For Spheniscus demersus is vanishing, and quickly. It's estimated that at the beginning of the 1800's, there were four million African penguins. By 1910, three quarters had vanished, with populations estimated at 1.5 million. It gets worse. 200,000 in the year 2000 had crashed to 55,000 only ten years later. Projections have this species reaching extinction by 2025. Hey. Wait a minute. That's ten years from now.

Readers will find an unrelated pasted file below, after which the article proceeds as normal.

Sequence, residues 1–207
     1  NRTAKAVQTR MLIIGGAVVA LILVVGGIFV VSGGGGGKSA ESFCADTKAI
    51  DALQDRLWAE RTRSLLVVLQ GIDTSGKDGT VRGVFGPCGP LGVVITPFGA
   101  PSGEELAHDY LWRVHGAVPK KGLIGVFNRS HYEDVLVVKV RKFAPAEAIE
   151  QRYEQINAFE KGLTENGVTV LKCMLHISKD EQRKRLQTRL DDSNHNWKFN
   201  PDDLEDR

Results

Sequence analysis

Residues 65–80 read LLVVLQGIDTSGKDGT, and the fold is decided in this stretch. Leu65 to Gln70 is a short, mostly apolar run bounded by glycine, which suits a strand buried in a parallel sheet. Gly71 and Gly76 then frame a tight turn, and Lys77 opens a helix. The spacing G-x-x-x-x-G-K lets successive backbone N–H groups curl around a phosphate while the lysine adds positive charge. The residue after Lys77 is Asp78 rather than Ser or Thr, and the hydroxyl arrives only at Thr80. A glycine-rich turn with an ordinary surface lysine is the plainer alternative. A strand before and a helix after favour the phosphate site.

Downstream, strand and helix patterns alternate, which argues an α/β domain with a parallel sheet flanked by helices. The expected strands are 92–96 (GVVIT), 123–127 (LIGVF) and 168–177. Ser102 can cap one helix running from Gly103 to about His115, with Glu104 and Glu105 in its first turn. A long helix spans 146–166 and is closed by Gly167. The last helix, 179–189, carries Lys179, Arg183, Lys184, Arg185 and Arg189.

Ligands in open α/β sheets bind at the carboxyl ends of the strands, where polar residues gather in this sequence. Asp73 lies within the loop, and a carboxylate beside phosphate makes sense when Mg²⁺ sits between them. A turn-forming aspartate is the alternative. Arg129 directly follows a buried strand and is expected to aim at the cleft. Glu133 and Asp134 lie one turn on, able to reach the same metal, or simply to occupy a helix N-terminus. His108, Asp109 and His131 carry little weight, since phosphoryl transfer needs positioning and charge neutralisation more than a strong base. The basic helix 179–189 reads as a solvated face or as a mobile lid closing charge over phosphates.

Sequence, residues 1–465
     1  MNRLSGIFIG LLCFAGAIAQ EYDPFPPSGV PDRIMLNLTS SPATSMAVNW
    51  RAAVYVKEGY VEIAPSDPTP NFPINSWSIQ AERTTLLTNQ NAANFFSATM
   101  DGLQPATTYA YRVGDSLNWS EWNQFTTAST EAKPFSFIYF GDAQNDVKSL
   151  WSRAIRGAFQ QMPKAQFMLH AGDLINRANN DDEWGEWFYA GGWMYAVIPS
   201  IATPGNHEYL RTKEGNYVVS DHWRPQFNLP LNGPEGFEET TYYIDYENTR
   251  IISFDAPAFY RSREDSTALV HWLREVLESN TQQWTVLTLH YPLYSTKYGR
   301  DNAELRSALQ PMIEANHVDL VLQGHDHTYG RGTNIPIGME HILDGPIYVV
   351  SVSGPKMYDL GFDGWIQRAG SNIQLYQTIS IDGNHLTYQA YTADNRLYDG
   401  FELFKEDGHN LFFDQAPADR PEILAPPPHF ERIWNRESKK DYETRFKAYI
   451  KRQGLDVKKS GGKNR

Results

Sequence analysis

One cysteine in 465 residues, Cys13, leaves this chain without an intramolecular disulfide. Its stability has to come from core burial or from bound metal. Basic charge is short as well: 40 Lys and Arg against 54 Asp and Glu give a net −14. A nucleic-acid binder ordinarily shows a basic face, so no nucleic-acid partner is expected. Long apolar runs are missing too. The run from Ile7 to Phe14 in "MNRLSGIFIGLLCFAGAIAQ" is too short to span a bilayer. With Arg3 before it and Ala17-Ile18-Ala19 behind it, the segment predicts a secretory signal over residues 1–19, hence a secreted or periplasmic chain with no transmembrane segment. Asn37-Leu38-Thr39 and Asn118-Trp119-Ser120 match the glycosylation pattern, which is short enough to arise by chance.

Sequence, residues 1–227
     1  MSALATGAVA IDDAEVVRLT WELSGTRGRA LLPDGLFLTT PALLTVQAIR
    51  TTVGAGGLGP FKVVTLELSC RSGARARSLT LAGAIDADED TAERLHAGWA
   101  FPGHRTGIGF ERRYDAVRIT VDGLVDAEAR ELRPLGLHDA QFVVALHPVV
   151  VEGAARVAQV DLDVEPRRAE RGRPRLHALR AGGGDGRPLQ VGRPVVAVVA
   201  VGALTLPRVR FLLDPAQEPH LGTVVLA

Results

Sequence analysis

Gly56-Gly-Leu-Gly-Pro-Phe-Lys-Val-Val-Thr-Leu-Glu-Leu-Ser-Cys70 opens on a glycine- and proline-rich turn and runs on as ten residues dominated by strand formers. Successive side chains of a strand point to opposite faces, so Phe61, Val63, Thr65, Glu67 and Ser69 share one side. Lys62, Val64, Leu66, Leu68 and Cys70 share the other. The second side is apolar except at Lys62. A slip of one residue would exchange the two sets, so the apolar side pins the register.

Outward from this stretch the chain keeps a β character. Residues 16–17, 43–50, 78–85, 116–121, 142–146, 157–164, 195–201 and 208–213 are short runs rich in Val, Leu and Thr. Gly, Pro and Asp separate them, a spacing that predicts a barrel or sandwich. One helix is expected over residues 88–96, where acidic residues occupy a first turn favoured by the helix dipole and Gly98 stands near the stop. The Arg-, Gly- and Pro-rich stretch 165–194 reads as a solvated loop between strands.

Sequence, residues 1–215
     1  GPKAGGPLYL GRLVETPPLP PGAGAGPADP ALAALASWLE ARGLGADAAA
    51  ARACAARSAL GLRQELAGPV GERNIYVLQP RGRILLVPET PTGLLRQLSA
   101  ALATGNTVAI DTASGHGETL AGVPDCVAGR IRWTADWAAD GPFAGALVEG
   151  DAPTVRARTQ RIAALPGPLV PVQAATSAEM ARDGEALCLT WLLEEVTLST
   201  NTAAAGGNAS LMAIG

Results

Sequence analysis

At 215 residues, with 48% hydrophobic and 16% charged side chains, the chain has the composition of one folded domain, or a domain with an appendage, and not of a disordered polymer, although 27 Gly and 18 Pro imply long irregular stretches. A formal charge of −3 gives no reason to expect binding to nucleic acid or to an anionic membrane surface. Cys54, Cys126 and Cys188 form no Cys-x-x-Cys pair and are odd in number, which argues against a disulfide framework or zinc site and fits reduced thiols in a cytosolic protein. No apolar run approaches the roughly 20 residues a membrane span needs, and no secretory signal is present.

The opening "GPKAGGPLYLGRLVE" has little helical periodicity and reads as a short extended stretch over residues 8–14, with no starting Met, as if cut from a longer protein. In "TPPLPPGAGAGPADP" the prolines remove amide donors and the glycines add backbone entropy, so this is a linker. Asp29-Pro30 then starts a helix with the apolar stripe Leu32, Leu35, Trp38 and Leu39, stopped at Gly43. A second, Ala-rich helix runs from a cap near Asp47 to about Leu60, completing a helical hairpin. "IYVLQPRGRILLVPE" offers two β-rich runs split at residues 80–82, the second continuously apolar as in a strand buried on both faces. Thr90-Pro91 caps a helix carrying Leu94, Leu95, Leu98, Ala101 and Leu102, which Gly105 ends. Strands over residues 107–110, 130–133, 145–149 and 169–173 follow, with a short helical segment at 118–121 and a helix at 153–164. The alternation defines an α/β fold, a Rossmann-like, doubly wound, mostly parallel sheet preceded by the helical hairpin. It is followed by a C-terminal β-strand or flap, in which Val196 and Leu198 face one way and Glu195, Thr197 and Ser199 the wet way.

Why should this be so? Well, penguins lay an obligate clutch of only two eggs, and the chicks take a very long time to become independent, so their replacement rate is very low to start with.  Incubation takes 40 days, and is done by both members of the pair. It can take as long as 130 days for a chick to become independent and fledge. All these natural history parameters aside, the big reason for the massive longterm, noncyclic penguin crash is us.  Homo sapiens in all his wisdom has not figured out, or more correctly, hasn't figure out how to care, that when we overexploit species low on the food chain (in this case the small baitfish called pilchard), we cause earthquakes all the way up the chain, in those species that depend on smaller fish for their very existence. Not for fertilizer; not for fish emulsion, but for life itself. Overfishing caused a collapse of the commercial pilchard fishery in 1960, with disastrous results for penguin colonies. Chicks starved in the burrows (something we also see with our Atlantic puffins thanks to overfishing for capelin, their staple.) This is something we are also seeing in the North American red knot population since we decided that the highest use for horseshoe crabs, upon whose eggs the knots depend for food, was to be ground up for fertilizer. We hope that we've reversed that idiotic exploitation in time.